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Ordering behaves funny in a gap-up + stop trailing algo

Dear Quantopians,

I wrote an algo which trades long (so far, for testing) when the following things happen:

  • gap up on market opening in an asset (AAPL for testing). Gap has to be 0.5%
  • momentum up (in a direction of the gap) is present even after the first 5 min bar . I detect the latter using the rule "body of the first 5 min bar is relatively small comparing to upper & lower wicks".

The overall logic here is that if gap was up and momentum is rolling on after 5 min we could jump in opening a long position
and then we are rolling on with an asset for some time until the momentum is exhausted. To achieve the latter, we need to implement a trailing stop loss. Once position is open, I am doing trailing stop loss (credit goes to John F and his post here.

The position is closed either when current price hits a trailing stop price (set to -5% of the highest price today) or, if position is held open until the last 5 min of a day, all positions will be closed 4 min before the market closes

Algo is generally working, however, something odd happens when I tested it with AAPL. Positions are often (not always) held over-night and/or not properly close (selling more than opened before resulting in exposure to short position over-night)

I think that my ordering management is poor or maybe some other errors too. Also, the commentators to the John F. post mentioned that one has to always check if there are unfilled orders every time when ordering again.

I would appreciate suggestions and/or code snippets to fix those things.

The algo and backtest are attached.

Clone Algorithm
1
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Backtest from to with initial capital
Total Returns
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Alpha
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Beta
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Sharpe
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Sortino
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Max Drawdown
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Benchmark Returns
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Volatility
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Returns 1 Month 3 Month 6 Month 12 Month
Alpha 1 Month 3 Month 6 Month 12 Month
Beta 1 Month 3 Month 6 Month 12 Month
Sharpe 1 Month 3 Month 6 Month 12 Month
Sortino 1 Month 3 Month 6 Month 12 Month
Volatility 1 Month 3 Month 6 Month 12 Month
Max Drawdown 1 Month 3 Month 6 Month 12 Month
# Backtest ID: 59563802cc255551de0753c6
There was a runtime error.
9 responses

Sometime orders fail or will be partially filled. You can see some logic to handle that in this post. I have updated it recently to cancel all open orders as well. You can run into the case of partial fills and you want to get out of the position but still have some open intra-day orders pending.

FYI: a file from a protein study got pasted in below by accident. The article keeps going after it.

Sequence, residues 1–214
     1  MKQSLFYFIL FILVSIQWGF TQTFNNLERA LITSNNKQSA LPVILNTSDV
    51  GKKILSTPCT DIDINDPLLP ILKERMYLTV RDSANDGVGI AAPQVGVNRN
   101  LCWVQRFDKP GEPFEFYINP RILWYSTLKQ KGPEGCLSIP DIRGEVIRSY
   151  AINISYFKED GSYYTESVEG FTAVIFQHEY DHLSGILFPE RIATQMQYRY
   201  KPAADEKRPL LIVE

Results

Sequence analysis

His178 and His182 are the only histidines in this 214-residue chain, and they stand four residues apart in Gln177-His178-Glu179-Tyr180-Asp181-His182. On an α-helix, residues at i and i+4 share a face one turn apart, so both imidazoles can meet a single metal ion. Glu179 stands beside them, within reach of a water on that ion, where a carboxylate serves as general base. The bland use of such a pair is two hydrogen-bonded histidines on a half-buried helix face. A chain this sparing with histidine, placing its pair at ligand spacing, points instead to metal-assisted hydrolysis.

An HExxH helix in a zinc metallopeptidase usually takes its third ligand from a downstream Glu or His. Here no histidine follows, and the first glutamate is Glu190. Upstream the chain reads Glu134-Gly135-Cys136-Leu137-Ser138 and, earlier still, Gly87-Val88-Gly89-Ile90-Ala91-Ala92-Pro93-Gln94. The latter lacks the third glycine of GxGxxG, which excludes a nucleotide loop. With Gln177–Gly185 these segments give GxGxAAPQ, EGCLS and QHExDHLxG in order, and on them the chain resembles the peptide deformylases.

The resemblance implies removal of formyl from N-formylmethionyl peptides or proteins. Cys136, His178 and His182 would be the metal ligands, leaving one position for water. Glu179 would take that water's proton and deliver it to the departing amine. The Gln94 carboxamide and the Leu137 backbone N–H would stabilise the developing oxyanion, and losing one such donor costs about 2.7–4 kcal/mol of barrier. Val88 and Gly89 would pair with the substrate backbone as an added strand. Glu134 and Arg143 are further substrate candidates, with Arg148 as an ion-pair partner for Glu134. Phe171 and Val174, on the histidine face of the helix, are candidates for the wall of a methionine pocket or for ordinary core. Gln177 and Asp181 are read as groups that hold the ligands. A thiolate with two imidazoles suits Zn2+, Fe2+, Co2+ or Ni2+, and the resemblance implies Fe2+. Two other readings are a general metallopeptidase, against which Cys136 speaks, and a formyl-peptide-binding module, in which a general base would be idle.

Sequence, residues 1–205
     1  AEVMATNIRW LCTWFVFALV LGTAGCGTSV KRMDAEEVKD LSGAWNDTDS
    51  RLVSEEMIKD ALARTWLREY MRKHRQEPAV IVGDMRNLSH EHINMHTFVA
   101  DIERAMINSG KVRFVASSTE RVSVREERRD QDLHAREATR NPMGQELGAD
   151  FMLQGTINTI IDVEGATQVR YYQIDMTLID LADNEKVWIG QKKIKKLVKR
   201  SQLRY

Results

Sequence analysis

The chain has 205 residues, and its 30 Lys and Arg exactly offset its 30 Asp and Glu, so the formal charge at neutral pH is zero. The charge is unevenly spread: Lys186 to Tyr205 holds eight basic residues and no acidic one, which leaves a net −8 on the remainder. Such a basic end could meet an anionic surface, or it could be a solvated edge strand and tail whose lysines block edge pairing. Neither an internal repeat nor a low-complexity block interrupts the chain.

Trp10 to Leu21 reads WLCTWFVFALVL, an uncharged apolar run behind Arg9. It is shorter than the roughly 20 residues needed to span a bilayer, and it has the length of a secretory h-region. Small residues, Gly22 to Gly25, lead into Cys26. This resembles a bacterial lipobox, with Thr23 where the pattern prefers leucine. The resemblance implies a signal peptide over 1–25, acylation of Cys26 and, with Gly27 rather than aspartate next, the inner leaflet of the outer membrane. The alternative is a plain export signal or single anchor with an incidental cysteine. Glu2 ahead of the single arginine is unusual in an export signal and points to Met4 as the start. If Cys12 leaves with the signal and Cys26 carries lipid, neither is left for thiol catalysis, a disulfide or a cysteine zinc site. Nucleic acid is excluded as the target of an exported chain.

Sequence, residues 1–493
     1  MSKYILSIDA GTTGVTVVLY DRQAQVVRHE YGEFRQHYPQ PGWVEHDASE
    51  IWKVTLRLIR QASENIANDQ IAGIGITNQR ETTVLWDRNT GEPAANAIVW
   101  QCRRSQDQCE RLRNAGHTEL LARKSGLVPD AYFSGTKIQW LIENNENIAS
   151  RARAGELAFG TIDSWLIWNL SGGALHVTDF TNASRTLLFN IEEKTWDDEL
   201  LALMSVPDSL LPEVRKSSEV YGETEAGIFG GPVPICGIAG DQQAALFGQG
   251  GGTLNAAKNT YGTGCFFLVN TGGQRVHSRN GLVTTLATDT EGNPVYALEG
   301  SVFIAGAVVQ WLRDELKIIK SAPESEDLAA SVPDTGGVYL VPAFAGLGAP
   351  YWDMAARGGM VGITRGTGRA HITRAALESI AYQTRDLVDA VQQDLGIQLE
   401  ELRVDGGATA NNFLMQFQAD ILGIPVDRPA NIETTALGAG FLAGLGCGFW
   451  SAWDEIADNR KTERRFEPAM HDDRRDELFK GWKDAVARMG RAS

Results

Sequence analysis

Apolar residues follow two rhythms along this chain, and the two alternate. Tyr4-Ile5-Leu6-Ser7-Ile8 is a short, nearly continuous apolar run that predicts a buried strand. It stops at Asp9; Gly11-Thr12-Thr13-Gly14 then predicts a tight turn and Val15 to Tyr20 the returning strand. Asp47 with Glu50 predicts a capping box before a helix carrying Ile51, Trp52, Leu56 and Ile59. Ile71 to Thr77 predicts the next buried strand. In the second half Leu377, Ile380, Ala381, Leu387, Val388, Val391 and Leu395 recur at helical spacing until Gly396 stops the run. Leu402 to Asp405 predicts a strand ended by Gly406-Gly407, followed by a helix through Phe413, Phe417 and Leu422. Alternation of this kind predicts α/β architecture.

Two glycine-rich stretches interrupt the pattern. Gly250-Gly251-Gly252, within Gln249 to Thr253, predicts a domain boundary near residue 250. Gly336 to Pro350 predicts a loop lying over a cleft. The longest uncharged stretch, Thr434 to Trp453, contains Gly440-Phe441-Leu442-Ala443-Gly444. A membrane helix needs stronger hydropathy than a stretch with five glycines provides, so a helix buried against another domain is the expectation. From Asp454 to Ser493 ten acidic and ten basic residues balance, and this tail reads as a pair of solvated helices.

Thanks John. That's indeed helpful.

Updated with better order tracking including order cancellation.

Clone Algorithm
40
Loading...
Backtest from to with initial capital
Total Returns
--
Alpha
--
Beta
--
Sharpe
--
Sortino
--
Max Drawdown
--
Benchmark Returns
--
Volatility
--
Returns 1 Month 3 Month 6 Month 12 Month
Alpha 1 Month 3 Month 6 Month 12 Month
Beta 1 Month 3 Month 6 Month 12 Month
Sharpe 1 Month 3 Month 6 Month 12 Month
Sortino 1 Month 3 Month 6 Month 12 Month
Volatility 1 Month 3 Month 6 Month 12 Month
Max Drawdown 1 Month 3 Month 6 Month 12 Month
# Backtest ID: 5961494421f0506b5d0230c2
There was a runtime error.

John thanks a lot. I'll look into it. Am working on my momentum+trailing stop algo as well.

Hi Josh,

I backtested your algo since 2003-01-01.
Backtest ID: 597250440f65804e24174ec5

Looks interesting but largely behind the benchmark. It is in draw-down most of the time and psychologically it would mean untradability, it least for me. Pattern of clustering for good returns is as follows: very few events. In 2017 it was one biomedical stock HTMG which received EU licensing back in March
https://www.benzinga.com/trading-ideas/technicals/17/03/9213047/htg-molecular-diagnostics-up-nearly-400-in-2-days

Interesting that good return cluster around the beginning of long-term up-trends (yearly 2003 after the dot com bust and yearly in 2009 after the Great Recession downtrend). However, in the recent environment of uptrend we see better returns since 2015 which does not match this patter.

Overall, the algo has good snippets and approaches which are very helpful for me. Thanks.

See the original post link above. You definitely do NOT want to trade this. It is just to show the technique.

Yes, I read. I see. Thanks a lot for sharing this.

Dear John

Thanks for your MIT code. It was/is very helpful.

I ran into an issue with partial fill of orders when doing backtesting (I guess in the real trading one can order "fill or kill" order type but not in backtesting). I will try to place not default market orders, but rather limit orders with some 'breathing space' for order price to allow full fill. I have also read that some solutions are: (1) adjust trade size to available volume and (2) call cancel_order() function.

Any other ideas how to secure full order fill?

I tend limit shares ordered to 1% of the last 10 bar volume for these simple experiments. You likely will need an entirely different strategy to avoid partial fills/moving market on very large portfolios. Chunking up your orders over hours/days and tracking total shares acquired is a possibility.